A new I-475/U.S. 23 interchange at either Dorr Street or Hill Avenue, long recommended by local transportation planners, now is part of freeway construction proposals for which state funding applications are being prepared.
The Ohio Department of Transportation is preparing an application to the state Transportation Review Advisory Council for widening I-475/U.S. 23 between the Maumee River and Central Avenue. That $60 million project likely would follow projects slated for coming years to modify the I-475/U.S. 23 junction in Sylvania Township and rebuild the nearby Central Avenue interchange.
A companion application is under development by the Lucas County Engineer’s Office to seek state funding for new interchanges at Dorr or Hill and at Maumee-Western Road.
“We’ve formed a group for each interchange” that would coordinate between the county and local governments and arrange the 50 percent local funding match required by state policy for new local-access interchanges, County Engineer Keith Earley said.
A Maumee-Western interchange, which would be braided with the existing Salisbury-Dussel interchange, is expected to cost about $24 million, including $2.3 million in right-of-way the Toledo-Lucas County Port Authority bought last decade to keep options open for such a project.
The port authority has proposed Maumee-Western’s eventual improvement as a new main route to the south side of Toledo Express Airport, supplementing Airport Highway.
Ramps at Hill or Dorr would fall near the middle of a four-mile gap between the I-475/U.S. 23 interchanges at Airport Highway and Central Avenue.
Warren Henry, director of transportation for the Toledo Metropolitan Area Council of Governments, said such an interchange would serve 40,000 people in surrounding neighborhoods who would gain better access to the freeway. “With just two interchanges [at Airport and Central], it just puts so much pressure on those interchanges,” said Mr. Henry, whose organization’s Expressway Needs Study in 2002 included ramps at Dorr or Hill in its recommendations.
A later ODOT study reinforced that recommendation.
The University of Toledo already has pledged $1.5 million of the estimated $6 million local share for that $12 million project if the ramps are built specifically at Dorr, which east of Reynolds Road becomes State Rt. 246 and runs along the southern edge of UT’s main campus.
“We’ve looked at it as creating a new gateway to the university, on a major artery,” said Joseph H. Zerbey IV, who as a UT trustee made the motion during an April 14 board meeting to support the project. “It’ll bring people right down Dorr Street into our new gateway area.”
Mr. Zerbey also is president and general manager of The Blade.
But not everyone who lives in the area near where such an interchange might be built is eager to have more direct freeway access.
Rocleen Reihing, president of the Reynolds Corners Community Development, said the traffic and likely widening on Dorr to support the interchange would be unwelcome in her neighborhood.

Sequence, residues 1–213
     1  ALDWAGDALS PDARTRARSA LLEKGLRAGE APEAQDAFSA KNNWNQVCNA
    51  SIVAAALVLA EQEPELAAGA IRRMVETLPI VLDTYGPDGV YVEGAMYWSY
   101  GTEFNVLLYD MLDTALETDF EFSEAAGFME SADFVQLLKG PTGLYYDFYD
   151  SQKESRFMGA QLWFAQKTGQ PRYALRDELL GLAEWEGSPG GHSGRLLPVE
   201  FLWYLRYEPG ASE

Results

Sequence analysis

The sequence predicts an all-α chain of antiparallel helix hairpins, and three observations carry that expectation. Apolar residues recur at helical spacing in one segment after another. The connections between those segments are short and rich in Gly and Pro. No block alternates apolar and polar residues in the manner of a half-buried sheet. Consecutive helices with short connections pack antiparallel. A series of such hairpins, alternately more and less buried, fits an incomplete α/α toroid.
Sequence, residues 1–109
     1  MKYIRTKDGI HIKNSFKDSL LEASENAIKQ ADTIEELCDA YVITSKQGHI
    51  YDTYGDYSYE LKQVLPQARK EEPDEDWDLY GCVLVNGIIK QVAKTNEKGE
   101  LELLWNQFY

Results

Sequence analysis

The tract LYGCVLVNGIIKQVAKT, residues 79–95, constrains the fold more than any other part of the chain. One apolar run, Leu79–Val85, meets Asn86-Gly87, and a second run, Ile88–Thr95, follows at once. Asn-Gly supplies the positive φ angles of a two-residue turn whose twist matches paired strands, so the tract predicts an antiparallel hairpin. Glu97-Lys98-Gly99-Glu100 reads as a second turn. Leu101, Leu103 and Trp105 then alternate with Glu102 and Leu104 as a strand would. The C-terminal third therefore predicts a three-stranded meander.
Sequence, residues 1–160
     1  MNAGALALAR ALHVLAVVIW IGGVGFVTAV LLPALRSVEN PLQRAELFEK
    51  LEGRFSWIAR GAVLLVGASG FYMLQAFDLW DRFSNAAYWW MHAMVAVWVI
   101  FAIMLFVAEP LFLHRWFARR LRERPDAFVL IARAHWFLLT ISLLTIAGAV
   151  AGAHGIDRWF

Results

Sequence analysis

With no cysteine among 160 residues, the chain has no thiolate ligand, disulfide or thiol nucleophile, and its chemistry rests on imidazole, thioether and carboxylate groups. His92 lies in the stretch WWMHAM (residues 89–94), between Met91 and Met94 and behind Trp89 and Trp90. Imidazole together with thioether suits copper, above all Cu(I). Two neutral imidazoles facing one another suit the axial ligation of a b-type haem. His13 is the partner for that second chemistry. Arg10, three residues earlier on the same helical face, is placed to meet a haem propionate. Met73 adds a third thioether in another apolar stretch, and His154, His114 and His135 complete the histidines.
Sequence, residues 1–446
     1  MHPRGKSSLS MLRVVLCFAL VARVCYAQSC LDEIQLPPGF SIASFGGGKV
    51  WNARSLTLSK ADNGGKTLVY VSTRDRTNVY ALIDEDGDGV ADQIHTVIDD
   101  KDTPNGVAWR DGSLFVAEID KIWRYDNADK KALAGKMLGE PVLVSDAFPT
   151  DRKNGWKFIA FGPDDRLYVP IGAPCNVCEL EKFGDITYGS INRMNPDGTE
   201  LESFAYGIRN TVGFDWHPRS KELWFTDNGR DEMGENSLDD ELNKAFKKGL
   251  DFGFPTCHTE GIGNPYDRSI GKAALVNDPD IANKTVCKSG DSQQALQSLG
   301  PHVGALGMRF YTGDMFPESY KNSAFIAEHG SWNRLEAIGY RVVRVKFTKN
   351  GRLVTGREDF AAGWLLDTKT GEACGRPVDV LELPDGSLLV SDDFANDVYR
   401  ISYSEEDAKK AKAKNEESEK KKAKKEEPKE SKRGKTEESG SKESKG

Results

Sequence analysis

“I don’t think we need it on Hill or Dorr,” Ms. Reihing, who has lived on Dorr near I-475 for nearly 45 years, said last week before vowing, “I’m going to do whatever I can to oppose it.”
Mr. Henry conceded the negative impact on people in the immediate area but said “it’s the same issue with similar projects.”
“It’s the needs of the greater region vs. those individual needs. But those needs are certainly going to be considered” during the project-review process, he said.
“Long-term, I think it will have great benefit,” said Lucas County Engineer Keith Earley. “It would definitely take some of the traffic off Central and some off Airport.”
For the Dorr-Hill area, Mr. Earley’s office is part of a four-way Lucas County Transportation Improvement District that also includes Toledo, Springfield Township, and the university. Each would be responsible for identifying grants, tax-increment financing, or other revenue sources to provide a one-quarter share of the local match for the interchange.
Mr. Earley noted that TRAC has to approve funding for the larger I-475/U.S. 23 widening project before the interchanges would even be considered at that level.
Ms. Reihing said some homeowners near her had already received letters from ODOT stating interest in their property, but Theresa Pollick, a spokesman at the department’s district office in Bowling Green, denied that was the letters’ purpose.
Ms. Pollick said the letters were related to the state’s upcoming reconstruction of the Central interchange and were sent out to property owners within a mile of work associated with that project.
ODOT hopes to begin the Central project in the middle of next year and finish it in 2017. A related project to build new lanes for through traffic on southbound U.S. 23 at the I-475 junction north of Central is scheduled to start later this year.
Proposals for the later I-475 projects must be submitted to the advisory council by May 30 if they are to be considered for its next major-construction project plan update, to be issued in January.
Contact David Patch at: firstname.lastname@example.org or 419-724-6094.
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